by Mario Duarte
“Monkeys, time to go!” Papi yells in his firm but gravelly voice. I lag behind at the end of the K-Mart checkout counter, eyeing the Mars candy bars. Aleta, my younger sister, kicks my heels. I trudge forward almost bumping into a white woman pushing a cart who suddenly stops after hearing Papi. Her lips stretch into a worldwide oval, ruby red lipstick smeared on her cigarette-stained teeth.
Her gaze turns from Papi to my smirking sister and then strikes like stones at my eyes. The white woman winces her twitching hands adjusting the contours of her blue beehive hairdo. Under my stiff shirt collar, I shrink like a turtle into his shell. Papi, unaware, or ignoring her, collects the long rolling receipt and starts walking, humming.
Holding an oversized shopping bag in one-hand, Papi with his free hand waves us through the automatic door activated by an electric eye; the blue beam glows like something out of a spy movie. I picture a blue laser beam cutting me in half, leaving my legs and torso writhing on the black-and-white checkered tile floor.
“Race!” Aleta shouts, dashing through the blue beam. I push my dread aside and shoot off. We sprint to the parking lot and without looking both ways. No moving cars. Lucky us. Legs pumping, we pass a long row of cars to the old red Valiant. I am older, faster, and tear past her, tagging the shotgun door first, stopping to pant. When I open the door, she pushes past me, and climbs inside.
“I win, again, loser,” she sneers. When I shout I won, she shakes no, her long dark bangs whipping the defenseless air. From the back seat, I reach out to yank her ponytails, wound tightly with purple rubber bands, but drop back when Papi climbs behind the wheel. With eyebrows arched like hairy spider legs, he says. “Monos, don’t ever do that again!”
I start a monkey howl but stop when Papi says, “You wanna wind up hurt or dead? Always look both ways.” Aleta and I gaze down, speechless.
Papi clears his throat, a rough ear-catching grunt and my clammy hands scurry down the rabbit holes of my jeans’ pockets. “Buckle up, changos, you never know when an accident might happen.” I look up at the rear view mirror, and Aleta’s eyes, almond-shaped like Papi’s, squeeze into snake eyes.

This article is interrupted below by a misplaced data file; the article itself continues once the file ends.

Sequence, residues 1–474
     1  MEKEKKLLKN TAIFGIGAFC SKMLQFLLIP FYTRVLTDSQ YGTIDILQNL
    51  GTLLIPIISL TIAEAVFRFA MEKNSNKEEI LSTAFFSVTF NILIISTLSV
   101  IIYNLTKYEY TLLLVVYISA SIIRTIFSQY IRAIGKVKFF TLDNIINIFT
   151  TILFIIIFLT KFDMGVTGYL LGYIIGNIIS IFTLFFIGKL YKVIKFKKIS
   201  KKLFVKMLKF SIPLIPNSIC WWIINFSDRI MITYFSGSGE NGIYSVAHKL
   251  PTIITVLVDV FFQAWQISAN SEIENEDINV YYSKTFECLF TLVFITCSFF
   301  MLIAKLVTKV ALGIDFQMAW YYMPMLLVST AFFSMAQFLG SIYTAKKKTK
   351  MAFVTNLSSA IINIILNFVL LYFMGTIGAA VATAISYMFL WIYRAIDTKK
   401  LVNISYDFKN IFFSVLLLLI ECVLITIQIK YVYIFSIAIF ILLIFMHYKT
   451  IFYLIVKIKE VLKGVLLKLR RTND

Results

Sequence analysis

“No!” Aleta says. She bounces her head against her seat and her belt buckle unclicks tossed aside. I strain to avoid smiling, which would only make Papi angrier. I buckle up, trapped in this unholy trinity; we just sit, waiting for Aleta. Papi’s face turns from his usual pale with a yellow tint to an increasingly reddish glow. His mouth twitches; his meaty fists squeeze tight. Aleta, the manipulator, has pressed him to the limit, and just as his hand is rising to smack her face, she buckles up with a satisfying click.
When he grabs the wheel, Papi’s eyes are shooting marbles. His foot stomps on the gas pedal but the worn out engine stammers. After several more stomps, the poor devil whines and grinds to a roar like a wounded beast, until finally the old red Valiant lurches forward.
While I wipe the sweat from my forehead, Aleta giggles, softly so that Papi cannot hear her. Papi is closing on retirement, his hearing ruined by working in a noisy railroad locomotive repair shop. My ears hear everything. I grind my teeth.
Exhaling, I roll down my window, the air blasts my longish hair, and my cheeks squish tight as if an invisible hand were squeezing them. When I peek in the side mirror, a smirk unreels on the edges of Aleta’s lips. I turn away, staring out the back window. Suddenly, I feel my body fall into the long trail of car exhaust twirling behind us like a monkey tail. When I close my eyes, monkeys high up in the trees pee a fine golden mist over us, while that white woman from the K-Mart laughs, the tiny bell hanging in the back of her mouth ringing like crazy.
Photo by Georgi Petrov on Pexels.com.